Books About Homelessness

Books About Homelessness

Preschool - Kindergarten

"McDuff Moves In" by Rosemary Wells
Babies will enjoy pictures of the precious pup, and preschoolers who have experienced homelessness will relate to what it's like to be unable to find a place of comfort to call home.

Kindergarten - 2nd Grade

"Changing Places: A Kid's View of Shelter Living" by Judy Wallace
Several children share their experience of shelter life. With this book, all children can see how the wants and needs of every person are not that different.

"Fly Away Home" by Eve Bunting
A little boy who lives in an airport with his father feels the unfairness of homelessness. He also holds onto the hope that he will one day fly free to something better.

"Go Home: The True Story of James the Cat" by Libby Philips Megis
The author shares with us the true story of how James the Cat came to live with her. His saga of homelessness, despair, and eventual love and belonging will resonate with everyone.

"Home is Where We Live: Life at a Shelter Through a Young Girl's Eyes" by Jane Hertensten
Black and white photographs provide insight into shelter life in Chicago. A 10 year-old girl who has just arrived shares her impressions.

"Homeless" by B. Wolf
This photo essay is a more upbeat look at the life of one homeless family in New York. 8 year-old Mikey provides the narration.

"Lives Turned Upside Down: Homeless Children in Their Own Words and Photographs" by Jim Hubbard
Children at a mission church in Santa Monica, California, participate in the Shooting Back Program. Four children with cameras reveal what their world is like.

3rd Grade & Up

"A Shelter in Our Car" by Monica Gunning
A girl from Jamaica lives with her mother in their car after the child’s father dies. She is able to explain how circumstances can put ordinary people in difficult situations. She is also able to share the pain of what they endure, including at the hands of others who don’t understand.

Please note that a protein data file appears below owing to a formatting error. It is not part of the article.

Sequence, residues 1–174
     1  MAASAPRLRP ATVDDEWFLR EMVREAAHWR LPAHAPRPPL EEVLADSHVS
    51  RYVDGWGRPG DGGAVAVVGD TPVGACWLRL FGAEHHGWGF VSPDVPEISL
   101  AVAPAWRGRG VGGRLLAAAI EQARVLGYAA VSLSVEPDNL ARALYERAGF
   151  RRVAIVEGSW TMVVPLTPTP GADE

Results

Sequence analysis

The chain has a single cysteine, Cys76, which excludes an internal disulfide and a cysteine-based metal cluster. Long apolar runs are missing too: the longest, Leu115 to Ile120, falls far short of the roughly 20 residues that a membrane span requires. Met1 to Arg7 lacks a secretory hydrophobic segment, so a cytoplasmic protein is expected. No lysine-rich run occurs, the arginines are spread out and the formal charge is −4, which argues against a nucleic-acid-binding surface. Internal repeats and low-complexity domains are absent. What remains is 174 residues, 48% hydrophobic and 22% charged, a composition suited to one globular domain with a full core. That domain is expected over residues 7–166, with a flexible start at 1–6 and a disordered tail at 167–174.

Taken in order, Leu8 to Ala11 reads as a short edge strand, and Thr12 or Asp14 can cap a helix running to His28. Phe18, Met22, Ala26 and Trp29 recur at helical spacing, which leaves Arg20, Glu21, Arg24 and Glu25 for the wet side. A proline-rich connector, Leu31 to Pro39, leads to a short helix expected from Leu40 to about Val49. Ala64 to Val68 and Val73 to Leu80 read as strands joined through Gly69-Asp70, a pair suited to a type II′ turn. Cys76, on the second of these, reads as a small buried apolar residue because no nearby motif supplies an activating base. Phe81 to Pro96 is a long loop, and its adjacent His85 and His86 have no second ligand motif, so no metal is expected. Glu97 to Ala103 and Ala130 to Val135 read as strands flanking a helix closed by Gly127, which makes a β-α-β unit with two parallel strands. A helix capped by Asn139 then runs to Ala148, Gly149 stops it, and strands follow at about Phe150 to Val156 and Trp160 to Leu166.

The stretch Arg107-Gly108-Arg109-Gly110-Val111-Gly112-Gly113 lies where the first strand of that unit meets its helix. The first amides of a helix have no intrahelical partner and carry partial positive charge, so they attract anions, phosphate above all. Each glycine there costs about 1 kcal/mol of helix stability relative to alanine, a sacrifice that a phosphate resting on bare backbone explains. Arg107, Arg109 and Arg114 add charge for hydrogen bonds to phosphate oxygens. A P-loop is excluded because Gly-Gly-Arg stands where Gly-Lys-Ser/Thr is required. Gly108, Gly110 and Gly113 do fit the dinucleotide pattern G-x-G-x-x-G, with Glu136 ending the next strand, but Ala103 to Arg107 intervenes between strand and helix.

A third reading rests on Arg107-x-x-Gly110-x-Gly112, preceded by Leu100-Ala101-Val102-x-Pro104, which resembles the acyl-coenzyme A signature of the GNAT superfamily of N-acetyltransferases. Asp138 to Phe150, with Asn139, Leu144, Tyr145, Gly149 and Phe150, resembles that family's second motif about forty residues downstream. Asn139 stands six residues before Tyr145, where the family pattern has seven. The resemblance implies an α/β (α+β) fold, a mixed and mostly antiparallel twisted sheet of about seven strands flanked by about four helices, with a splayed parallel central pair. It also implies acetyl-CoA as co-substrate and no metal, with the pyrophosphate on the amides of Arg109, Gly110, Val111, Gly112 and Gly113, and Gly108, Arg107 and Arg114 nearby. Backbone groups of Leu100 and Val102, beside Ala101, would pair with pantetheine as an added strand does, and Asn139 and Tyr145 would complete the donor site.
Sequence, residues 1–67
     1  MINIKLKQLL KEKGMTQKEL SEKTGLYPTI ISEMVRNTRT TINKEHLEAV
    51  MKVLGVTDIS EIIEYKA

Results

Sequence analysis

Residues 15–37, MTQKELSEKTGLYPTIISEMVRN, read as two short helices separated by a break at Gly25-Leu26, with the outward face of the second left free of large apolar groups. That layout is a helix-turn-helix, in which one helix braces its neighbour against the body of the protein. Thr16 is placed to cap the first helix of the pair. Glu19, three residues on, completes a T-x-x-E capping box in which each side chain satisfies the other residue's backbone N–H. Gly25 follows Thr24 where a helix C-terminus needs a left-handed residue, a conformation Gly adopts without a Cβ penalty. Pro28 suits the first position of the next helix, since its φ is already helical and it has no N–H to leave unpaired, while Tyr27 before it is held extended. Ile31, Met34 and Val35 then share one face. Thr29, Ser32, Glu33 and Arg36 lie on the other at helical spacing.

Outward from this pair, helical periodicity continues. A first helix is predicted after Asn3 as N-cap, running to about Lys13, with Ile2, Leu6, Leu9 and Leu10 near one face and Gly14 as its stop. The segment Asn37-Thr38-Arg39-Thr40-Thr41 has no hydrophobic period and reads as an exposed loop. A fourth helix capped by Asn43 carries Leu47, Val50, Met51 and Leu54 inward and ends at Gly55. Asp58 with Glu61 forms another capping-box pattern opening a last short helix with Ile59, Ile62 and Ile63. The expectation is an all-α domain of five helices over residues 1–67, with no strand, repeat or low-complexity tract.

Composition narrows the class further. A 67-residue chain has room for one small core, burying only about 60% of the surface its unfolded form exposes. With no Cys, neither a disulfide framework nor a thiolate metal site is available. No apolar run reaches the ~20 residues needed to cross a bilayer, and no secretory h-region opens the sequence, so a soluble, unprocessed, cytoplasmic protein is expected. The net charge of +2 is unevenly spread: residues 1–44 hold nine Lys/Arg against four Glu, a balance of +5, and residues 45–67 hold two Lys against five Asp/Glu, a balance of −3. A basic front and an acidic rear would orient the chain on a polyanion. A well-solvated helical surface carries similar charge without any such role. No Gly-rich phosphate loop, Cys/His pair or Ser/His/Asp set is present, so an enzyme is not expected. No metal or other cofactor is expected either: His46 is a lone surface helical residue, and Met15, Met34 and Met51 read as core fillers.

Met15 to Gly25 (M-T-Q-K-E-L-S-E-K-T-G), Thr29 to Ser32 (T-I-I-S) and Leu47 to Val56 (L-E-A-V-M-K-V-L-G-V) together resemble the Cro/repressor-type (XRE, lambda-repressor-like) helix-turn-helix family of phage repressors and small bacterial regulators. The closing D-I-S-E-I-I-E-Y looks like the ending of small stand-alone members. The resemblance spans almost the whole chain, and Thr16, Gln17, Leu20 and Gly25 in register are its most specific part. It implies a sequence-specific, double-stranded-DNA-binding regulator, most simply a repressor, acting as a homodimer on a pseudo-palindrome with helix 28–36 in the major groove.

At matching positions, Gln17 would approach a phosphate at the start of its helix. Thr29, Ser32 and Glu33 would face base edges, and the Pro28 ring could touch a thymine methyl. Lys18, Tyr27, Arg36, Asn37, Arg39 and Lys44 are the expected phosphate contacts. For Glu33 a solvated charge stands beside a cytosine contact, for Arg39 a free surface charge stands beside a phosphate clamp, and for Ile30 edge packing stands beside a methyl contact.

"How Many Days to America" by Eve Bunting
A close-knit family is suddenly homeless when they are forced to flee their home. Political unrest in their beloved homeland requires them to abandon all they know and love and seek asylum elsewhere. Readers’ hearts will rise and fall with the fate of this family, which finally finds refuge and hope.

Junior Fiction & Young Adult

"A Single Shard" by Linda Sue Park
An orphaned boy who lives under a bridge with the homeless man who took him in becomes the unlikely hero in this riveting tale. Integrity, discipline, resilience and hard work are some of the traits depicted in this Newbery winner.

"The Family Under the Bridge" by Natalie Savage Carlson
A Parisian family is thrust into homelessness and must endure the wrath of the homeless man who already lives under the bridge. The journey to new understandings is worth the trip for readers. This is best used as a read-aloud for those comfortable with French pronunciations.

"Hoot" by Carl Hiaasen
Life becomes an adventure for the new boy at school when he has a close encounter with “running boy”. The running boy turns out to be a runaway on an environmental mission. This is a respected literary work that features a homeless kid as the hero of the story.

For Parents

"Parenting in Public" by Donna Haig Friedman
When a family receives any kind of public assistance, the parenting practices come under scrutiny. This is true everywhere in America. The book can promot discussion about what constitutes good parenting, what are the challenges, whose business is it how we parent, and why do others care?

"Rachel and Her Children: Homeless Families in America" by Jonathan Kozol
Since homelessness is increasingly a family problem, we experience it vicariously through the story of Rachel’s family. The Martinique Hotel in New York provides the setting.

"Tell Them Who I Am: The Lives of Homeless Women" by Elliot Liebow
As more and more women become homeless, Liebow attempts to put faces on the faceless. We develop a personal relationship with these women whose stories he chronicles here.

For Professionals

"A Framework for Understanding Poverty" by Ruby Payne
This is must-reading for anyone who works with the poor, especially with those from generational poverty. It may also provide excellent discussion material for the clients we serve when handled correctly.

"How to Increase Homelessness" by Joel John Roberts
Along the lines of Jonathan Swift’s A Modest Proposal, Roberts ventures boldly into what has become a taboo topic in many quarters. Why are so many people homeless and what can and should be done? These are questions explored with sarcasm, humor, and ultimately…with unflinching honesty.

For more books about family homelessness, visit the Institute for Children, Poverty & Homelessness.  Our personal favorite is "Mango's Quest" by Ralph Da Costa Nunez  and Robyn Schwartz.

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